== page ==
The Tartu Writer in Residency programme helps foreign and Estonian writers meet

Edith Soosaar interviews Marja Unt, the coordinator of the first Estonian public writer-in-residence programme in Tartu, that gives international writers and translators the chance to exchange experiences with Estonian writers.

The Writer in Residency programme, located in Tartu, the Estonian town of literature, hosts international writers and translators with the aim of providing an inspiring environment to work and give the opportunity to exchange experiences and communicate with Estonian writers. We asked Unt about how the residence was started, about the residency requirements and the selection process.

The writers residency at the Ristikivi (Karl Ristikivi was an Estonian author – editor) museum is the first and so far the only such programme in Estonia. Could you tell us about the birth of the Ristikivi writers’ retreat? How did it start? What came first, the place or the idea?

The idea that Tartu as a town with a rich cultural heritage and an inspiring environment should have an international residency programme for writers had been discussed for a while in the local literary circles. After Tartu was designated the UNESCO Creative City of Literature, it seemed logical to launch the residency programme as part of the town’s action plan as a city of literature.

Especially since our sister cities in the network, Prague and Krakow, already had the experience and good models we could adapt. The residency programme was discussed in the city of literature workgroup of which the chairman of the Karl Ristikivi Society, Janika Kronberg, is a member, so the group concluded that Ristikivi’s house in the Tähtvere district would be the perfect place to accommodate the residents.

Is it a short-term project – to run along with the UNESCO City of Literature – or will the residency continue?

As the UNESCO City of Literature is not a project but a permanent status and membership in an expanding international network, the residency programme, as part of our strategy, is a long-term measure. Naturally, the regularity and the developments of the programme also depend on the funding.

What are the costs related to the retreat? Where does the money come from?

The main costs are related to scholarships, travel compensation and the rent we pay to the Ristikivi Society so that it can keep the house in good living conditions. Most of the funding comes from the Tartu City Government, but we have been and hope to be supported in the future by the ministry of culture and the Estonian Cultural Endowment.

Selection

How many applications were submitted for the autumn-winter residency programme this year?

This autumn, we received 21 applications from writers and translators from different countries across the world.

Do you get repeat applications from authors who haven’t been picked yet?

Yes, some writers and translators have applied more than once and this is something we encourage. Since we can only take one resident at a time, not getting selected does not mean the committee is not interested in the applicant. Since there are also many new applicants during every call, the general picture is always very different, and it is not possible to guarantee that re-applying would result in being selected.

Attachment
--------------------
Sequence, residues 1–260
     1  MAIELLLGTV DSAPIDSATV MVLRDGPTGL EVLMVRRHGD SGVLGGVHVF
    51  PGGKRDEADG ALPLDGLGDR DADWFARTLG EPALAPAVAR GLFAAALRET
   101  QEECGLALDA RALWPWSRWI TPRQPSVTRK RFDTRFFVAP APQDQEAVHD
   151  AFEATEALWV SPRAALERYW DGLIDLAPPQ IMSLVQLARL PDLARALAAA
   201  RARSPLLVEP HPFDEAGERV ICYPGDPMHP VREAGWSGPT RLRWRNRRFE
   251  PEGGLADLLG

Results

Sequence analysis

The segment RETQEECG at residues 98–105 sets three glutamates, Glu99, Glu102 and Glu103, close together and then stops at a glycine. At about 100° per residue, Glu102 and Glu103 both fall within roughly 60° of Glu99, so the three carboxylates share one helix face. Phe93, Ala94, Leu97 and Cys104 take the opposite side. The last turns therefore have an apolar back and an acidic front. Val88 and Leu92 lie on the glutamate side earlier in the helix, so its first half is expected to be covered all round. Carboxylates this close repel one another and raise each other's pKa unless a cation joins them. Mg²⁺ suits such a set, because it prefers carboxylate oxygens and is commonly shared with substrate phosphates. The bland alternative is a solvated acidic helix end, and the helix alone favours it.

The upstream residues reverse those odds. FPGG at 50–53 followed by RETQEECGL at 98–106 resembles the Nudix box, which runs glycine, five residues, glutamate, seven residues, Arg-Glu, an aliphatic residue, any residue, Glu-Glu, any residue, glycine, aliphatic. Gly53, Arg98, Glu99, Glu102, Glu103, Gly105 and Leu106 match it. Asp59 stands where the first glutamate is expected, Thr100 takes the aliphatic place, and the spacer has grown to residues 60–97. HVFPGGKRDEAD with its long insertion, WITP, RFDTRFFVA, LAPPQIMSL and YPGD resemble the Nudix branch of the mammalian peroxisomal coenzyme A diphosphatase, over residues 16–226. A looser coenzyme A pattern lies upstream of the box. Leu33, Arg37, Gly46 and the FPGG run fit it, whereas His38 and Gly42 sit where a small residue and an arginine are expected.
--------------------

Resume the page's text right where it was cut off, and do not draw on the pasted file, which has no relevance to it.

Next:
How are the authors for the writer’s residency selected among the applicants? How many people decide and how is each author’s background evaluated?

The authors are picked by a committee of four people – the representatives of the Tartu City of Literature Office (the Estonian Literary Society), the Tartu Department of the Estonian Writers Union, the Estonian Literary Museum and the Karl Ristikivi Society. As it is characteristic to most decisions related to arts and creativity, the selection is not easy – we consider many aspects, the background and the sample work sent to us as well as the motivation letter and the plans for the residency.

While evaluating the application, we also keep in mind that in addition to offering a creative retreat, the residency programme also aims to increase cultural communication and build stronger links between different literatures and literary scenes – therefore, while reading the application, among other things we also try to imagine which of the candidates could better connect with the local cultural environment and would gain the most from it.

Is there any specific focus when picking the writer for the residency? For example, is preference given to young authors to help them along, or are the more established/best known/most achieved authors preferred?

We have not set a specific focus and try to keep the programme as flexible as possible so that we could welcome very different authors in Tartu. The applicants, however, need to meet the criteria of the programme, including at least one published book (fiction or non-fiction), screenplay, theatre script or a translation from Estonian into another language.

Will the authors know why one or another of them was selected or not selected?

As there are so many factors at play during the selection process, it would be very difficult to clearly list the reasons why an applicant was not selected (during the respective call). However, after we have selected the next resident, the committee gives a short commentary for the press release about the selected applicant.

Expectations

What kind of facilities will the resident author have for their use? It is my understanding that there is an apartment at the Ristikivi museum?